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Public Awareness Campaigns Student Page Title Introduction Task Process Evaluation Conclusion Credits [ Teacher Page ] A W...
Introduction Student Page Title Introduction Task Process Evaluation Conclusion Credits [ Teacher Page ] Public awareness ...
The Task Student Page Introduction Task Process Evaluation Conclusion Credits [ Teacher Page ] You will be creating a publ...
The Process Student Page Title Introduction Task Process Evaluation Conclusion Credits [ Teacher Page ] <ul><li>These are ...
The Process … continued Student Page Title Introduction Task Process Evaluation Conclusion Credits [ Teacher Page ] <ul><l...
Evaluation Student Page Title Introduction Task Process Evaluation Conclusion Credits [ Teacher Page ] Process Excellent 4...
Conclusion  Student Page Title Introduction Task Process Evaluation Conclusion Credits [ Teacher Page ] How do you want to...
Credits and References Student Page Title Introduction Task Process Evaluation Conclusion Credits [ Teacher Page ] Books: ...
Public Awareness Campaigns (Teacher) [ Student Page ] Title Introduction Learners Standards Process Resources Credits Teac...
Introduction (Teacher) [ Student Page ] Title Introduction Learners Standards Process Resources Credits Teacher Page This ...
Learners (Teacher) [ Student Page ] Title Introduction Learners Standards Process Resources Credits Teacher Page While thi...
Curriculum Standards (Teacher) [ Student Page ] Title Introduction Learners Standards Process Resources Credits Teacher Pa...
The Process (Teacher) [ Student Page ] Title Introduction Learners Standards Process Resources Credits Teacher Page <ul><l...
Resources (Teacher) [ Student Page ] Title Introduction Learners Standards Process Resources Credits Teacher Page <ul><li>...
Evaluation (Teacher) [ Student Page ] Title Introduction Learners Standards Process Resources Credits Teacher Page How wil...
Teacher Script (Teacher) [ Student Page ] Title Introduction Learners Standards Process Resources Credits Teacher Page I d...
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Public Awareness Campaign Project and Presentation WebQuest

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Transcript of "Public Awareness Campaign Project and Presentation WebQuest"

  1. 1. Public Awareness Campaigns Student Page Title Introduction Task Process Evaluation Conclusion Credits [ Teacher Page ] A WebQuest for 11th Grade Designed by Sara E. Gacnik [email_address] Based on a template from The WebQuest Page Process © Flickr Sully Pixel
  2. 2. Introduction Student Page Title Introduction Task Process Evaluation Conclusion Credits [ Teacher Page ] Public awareness campaigns are everywhere around us, from the anti-tobacco “TRUTH” adds that we see on television to people who protest outside of abortion clinics and fur-coat factories. The purpose of a public awareness campaign is simple: to inform a general public audience about a certain topic or issue. Sometimes, public awareness campaigns are overtly persuasive; other times, public awareness campaigns simply aim to inform and enlighten. Imagine that you are a volunteer for an organization – maybe you help serve food at a homeless shelter or perhaps you volunteer at a safe-house for women and children who are victims of domestic violence. You might even volunteer for a company that is working to produce alternative forms of efficient and usable energy. As a volunteer, you give your time and your service to support a cause that you think is important and valuable. By serving your community in any way, you are engaging in civic duty – an essential contribution and service to your country. How do you want to contribute to society? What issues are important to you? What concerns do you have about our society that you would like to learn more about and also inform a public audience about? Process © Google Alternative Energy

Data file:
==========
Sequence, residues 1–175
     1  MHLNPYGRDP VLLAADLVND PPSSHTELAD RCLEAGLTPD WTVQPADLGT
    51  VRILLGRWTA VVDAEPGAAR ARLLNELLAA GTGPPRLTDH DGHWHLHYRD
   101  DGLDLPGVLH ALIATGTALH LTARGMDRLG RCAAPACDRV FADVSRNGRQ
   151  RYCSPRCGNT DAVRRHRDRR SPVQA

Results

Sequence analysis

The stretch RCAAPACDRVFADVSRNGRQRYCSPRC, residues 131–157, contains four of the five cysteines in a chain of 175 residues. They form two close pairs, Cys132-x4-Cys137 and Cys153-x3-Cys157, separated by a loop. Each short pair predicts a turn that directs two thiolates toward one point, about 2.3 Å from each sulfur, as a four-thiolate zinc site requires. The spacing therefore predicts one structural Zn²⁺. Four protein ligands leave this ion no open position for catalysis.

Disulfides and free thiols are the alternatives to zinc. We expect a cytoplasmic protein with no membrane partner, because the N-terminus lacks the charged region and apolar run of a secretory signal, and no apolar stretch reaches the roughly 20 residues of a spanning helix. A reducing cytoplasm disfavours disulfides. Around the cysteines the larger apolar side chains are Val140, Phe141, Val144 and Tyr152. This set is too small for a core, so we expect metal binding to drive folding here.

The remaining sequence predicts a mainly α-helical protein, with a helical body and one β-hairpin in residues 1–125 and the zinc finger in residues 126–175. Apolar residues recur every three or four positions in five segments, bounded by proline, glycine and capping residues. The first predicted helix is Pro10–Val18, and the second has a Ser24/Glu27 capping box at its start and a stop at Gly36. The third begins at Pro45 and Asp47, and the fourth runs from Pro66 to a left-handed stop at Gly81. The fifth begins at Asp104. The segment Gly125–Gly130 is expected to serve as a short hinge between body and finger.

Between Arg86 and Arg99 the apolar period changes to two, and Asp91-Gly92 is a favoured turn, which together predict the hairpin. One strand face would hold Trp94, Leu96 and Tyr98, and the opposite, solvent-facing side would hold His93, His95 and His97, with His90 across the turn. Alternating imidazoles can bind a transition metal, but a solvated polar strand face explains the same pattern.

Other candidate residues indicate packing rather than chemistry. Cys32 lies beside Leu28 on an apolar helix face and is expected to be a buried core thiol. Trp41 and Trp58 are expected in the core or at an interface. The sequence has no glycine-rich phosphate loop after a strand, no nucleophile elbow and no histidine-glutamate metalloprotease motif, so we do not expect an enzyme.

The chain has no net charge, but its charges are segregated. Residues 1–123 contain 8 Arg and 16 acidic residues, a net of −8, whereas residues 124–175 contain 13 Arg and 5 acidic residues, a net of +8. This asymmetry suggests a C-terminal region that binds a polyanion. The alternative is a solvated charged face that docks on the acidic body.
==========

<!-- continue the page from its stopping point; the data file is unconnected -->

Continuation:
3. 3. The Task Student Page Introduction Task Process Evaluation Conclusion Credits [ Teacher Page ] You will be creating a public awareness campaign that you are going to advertise and present to the class. As you are going through the process, remember to keep in mind that you are looking at this issue from the viewpoint of a volunteer. Your public awareness campaign will be in the form of either a PowerPoint presentation or a creative poster-board. Your presentation will be 5-7 minutes long and should include both informative text and interesting images. Over the next several weeks, we will be gathering information for our public awareness campaigns from the World Wide Web. Using the internet to find sources and information can be useful, convenient, and abundant. However, as we’ve discussed in class, internet sources can also be problematic. It is extremely important to use internet sources that are current, professional, trustworthy, scholarly, and verifiable. Title Process © Google Recycle
  4. 4. The Process Student Page Title Introduction Task Process Evaluation Conclusion Credits [ Teacher Page ] <ul><li>These are the questions that you should aim to answer about your public awareness campaign: </li></ul><ul><li>What is your public awareness campaign? What is the definition, the history, and the general ideas and theories surrounding your public awareness issue? </li></ul><ul><li>What do you want to make your audience aware of about this issue? Do you simply want to inform or do you want to persuade your audience? </li></ul><ul><li>What are some of the statistics related to your public awareness? </li></ul><ul><li>What solution would you implement to change the problems surrounding your public awareness campaign? </li></ul><ul><li>What organizations/businesses/people are working to change the problem and improve the issue? How do they approach their strategies? </li></ul><ul><li>How will knowledge about this campaign help us – your public audience – to make a difference? What can we do to get more involved in this issue? </li></ul><ul><li>What are some valid resources with interesting and accurate information about this public awareness campaign? </li></ul><ul><li>Before you begin your reading and researching on the World Wide Web, it is important to approach your search for information based on the following steps: </li></ul><ul><li>Set a purpose and see what’s out there! (Your purpose will be to find information about your public awareness issue). </li></ul><ul><li>Preview your webpage. When you are looking over a webpage for useful and verifiable information, look for these things: </li></ul><ul><ul><li>The name of the webpage and overall appearance </li></ul></ul><ul><ul><li>The main menu or table of contents </li></ul></ul><ul><ul><li>The source or sponsor </li></ul></ul><ul><ul><li>The date of publication or updated information </li></ul></ul><ul><ul><li>Any description of what the website contains </li></ul></ul><ul><ul><li>Images and graphics </li></ul></ul><ul><ul><li>The purpose of the site </li></ul></ul><ul><li>3. Read the information on the website with a purpose in mind. Think about the questions you are to answer about your public awareness campaign while you read. </li></ul>Process